There’s a wealth of information out there on how to get strong. Nearly all of it based around the body building industry. Everyone at the gym is an expert. All the talk is about split routines, super sets, drop sets, German volume training etc.

When you think of a body builder, speed and agility isn’t the first thing that runs into your head is it.

Your body is really clever. When you stress it, it repairs itself a little bit stronger so that next time it can cope easier. The thing is, it’s so clever that this adaptation is very specific. In fitness jargon we call it Specific Adaptation to Imposed Demand. So if you stress your body with the bench press, your body will adapt to be stronger at the bench press. If your sport requires you to push something away while having a support behind your back then your quids in. Otherwise it’s of very little physical benefit.

But hey, your chest and arms look good, no?

It’s the ego that drives it, the same ego that drives us to be competitive. You want to see improvements in the mirror and improvements in the weights or reps. This means that exercises that co-ordinate and link several areas of the body – as they would be required to do in sport and life -are ignored, while adding weight and maxing out trumps movement technique.

What happens is you get very strong in poor movement patterns that don’t relate to your sport, in ever decreasing ranges of movement. Your body always prefers the way it’s strongest, so you will adopt the poor movements you’re encouraging in the gym. and you will eventually become weak outside these patterns. This leads to injury.

So what should you do? 

Perfect good movements. Once they are perfect (and only then) should you load this movement. If you load a poor movement, you’re gonna get hurt. Add load to the movement, then speed it up

 When you are developing a movement, repeat it and repeat it, but NEVER take it to fatigue. Lots of sets of low reps (3-5) is the way here. While you’re resting between sets, do some accessory exercises that may help the movement (e.g. for the squat you could incorporate a glute stretch and core firing) free up what’s stiff and fire up what’s weak/dormant.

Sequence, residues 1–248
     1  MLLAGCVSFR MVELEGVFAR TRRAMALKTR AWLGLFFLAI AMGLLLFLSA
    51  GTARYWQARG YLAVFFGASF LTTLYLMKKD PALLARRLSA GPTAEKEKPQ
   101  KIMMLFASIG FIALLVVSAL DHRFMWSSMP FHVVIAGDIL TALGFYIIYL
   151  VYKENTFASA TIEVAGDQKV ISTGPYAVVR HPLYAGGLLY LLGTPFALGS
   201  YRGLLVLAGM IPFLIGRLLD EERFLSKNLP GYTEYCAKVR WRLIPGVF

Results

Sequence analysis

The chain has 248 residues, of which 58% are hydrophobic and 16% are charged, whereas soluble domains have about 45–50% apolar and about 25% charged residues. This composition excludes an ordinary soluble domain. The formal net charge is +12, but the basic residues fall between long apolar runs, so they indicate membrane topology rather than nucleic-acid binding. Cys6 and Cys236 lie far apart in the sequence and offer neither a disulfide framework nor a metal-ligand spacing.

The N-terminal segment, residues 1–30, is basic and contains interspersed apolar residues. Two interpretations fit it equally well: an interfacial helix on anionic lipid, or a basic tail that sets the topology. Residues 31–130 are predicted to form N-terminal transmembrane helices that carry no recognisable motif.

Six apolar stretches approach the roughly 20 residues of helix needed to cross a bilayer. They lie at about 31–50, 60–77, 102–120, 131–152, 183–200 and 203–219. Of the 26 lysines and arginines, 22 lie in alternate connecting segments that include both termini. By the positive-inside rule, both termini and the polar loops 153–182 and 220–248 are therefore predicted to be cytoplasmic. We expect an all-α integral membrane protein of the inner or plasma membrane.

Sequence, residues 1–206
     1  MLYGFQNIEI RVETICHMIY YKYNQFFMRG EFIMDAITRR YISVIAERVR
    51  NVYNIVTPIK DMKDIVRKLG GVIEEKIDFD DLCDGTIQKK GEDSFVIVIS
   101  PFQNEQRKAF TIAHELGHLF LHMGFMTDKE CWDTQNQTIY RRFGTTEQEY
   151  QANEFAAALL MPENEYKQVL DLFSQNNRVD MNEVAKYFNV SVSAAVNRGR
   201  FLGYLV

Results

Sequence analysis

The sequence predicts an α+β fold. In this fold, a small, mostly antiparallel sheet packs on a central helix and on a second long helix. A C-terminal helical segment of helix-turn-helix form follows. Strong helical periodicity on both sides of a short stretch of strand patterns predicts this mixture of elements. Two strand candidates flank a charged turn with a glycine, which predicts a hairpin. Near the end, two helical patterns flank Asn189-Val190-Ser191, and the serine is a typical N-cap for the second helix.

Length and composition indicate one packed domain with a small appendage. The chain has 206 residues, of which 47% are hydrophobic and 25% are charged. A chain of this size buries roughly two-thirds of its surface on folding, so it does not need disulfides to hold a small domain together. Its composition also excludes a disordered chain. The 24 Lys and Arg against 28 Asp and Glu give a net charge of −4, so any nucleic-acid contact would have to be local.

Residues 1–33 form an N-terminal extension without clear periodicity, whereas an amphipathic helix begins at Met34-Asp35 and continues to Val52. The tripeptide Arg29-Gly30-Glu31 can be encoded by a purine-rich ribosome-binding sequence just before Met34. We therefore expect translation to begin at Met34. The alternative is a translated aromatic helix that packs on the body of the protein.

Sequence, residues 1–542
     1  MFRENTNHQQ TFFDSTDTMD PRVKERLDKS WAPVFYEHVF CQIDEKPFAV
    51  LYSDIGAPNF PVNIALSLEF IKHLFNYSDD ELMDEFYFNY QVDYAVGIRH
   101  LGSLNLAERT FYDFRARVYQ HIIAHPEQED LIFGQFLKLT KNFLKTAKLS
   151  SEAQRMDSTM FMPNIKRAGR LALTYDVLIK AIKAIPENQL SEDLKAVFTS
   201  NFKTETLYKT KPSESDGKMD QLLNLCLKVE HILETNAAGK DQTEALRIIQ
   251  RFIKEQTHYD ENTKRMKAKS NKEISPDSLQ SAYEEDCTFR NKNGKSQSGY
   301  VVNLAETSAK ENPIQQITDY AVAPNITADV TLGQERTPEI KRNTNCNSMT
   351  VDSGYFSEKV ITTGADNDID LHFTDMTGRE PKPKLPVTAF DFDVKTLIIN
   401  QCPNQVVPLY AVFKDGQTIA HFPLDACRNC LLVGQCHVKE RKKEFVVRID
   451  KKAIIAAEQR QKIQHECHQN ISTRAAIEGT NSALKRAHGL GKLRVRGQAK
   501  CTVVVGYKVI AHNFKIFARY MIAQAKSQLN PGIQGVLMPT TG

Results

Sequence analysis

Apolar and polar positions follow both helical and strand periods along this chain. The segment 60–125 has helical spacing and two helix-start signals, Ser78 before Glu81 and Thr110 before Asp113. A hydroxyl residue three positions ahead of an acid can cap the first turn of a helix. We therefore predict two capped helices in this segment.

At Speed Academy, I find that athletes get much faster purely by mastering the basic movements of squat, push and pull. No clever exercises or equipment. These are fundamental movements that your body needs to be able to do. Perfecting these clears up many dysfunctions and transfers well into sporting movements. Once we’ve established a perfect foundation, we can go from simple to complex, stable to unstable, controlled to explosive, body weight to external load.

Master the basics and lose the ego. I would always suggest you spend some time with a certified strength and conditioning coach to help you with technique. I don’t care if you can squat twice your bodyweight for 10reps. You’ll get huge benefit from clearing up your weaknesses and dysfunctions. You’ll move faster and with more power. Then start to loads it up again.

I’d like to hear any problems you may be having with your gym routines.Just drop your comments below and I’ll post the replies on here.

Yours in speed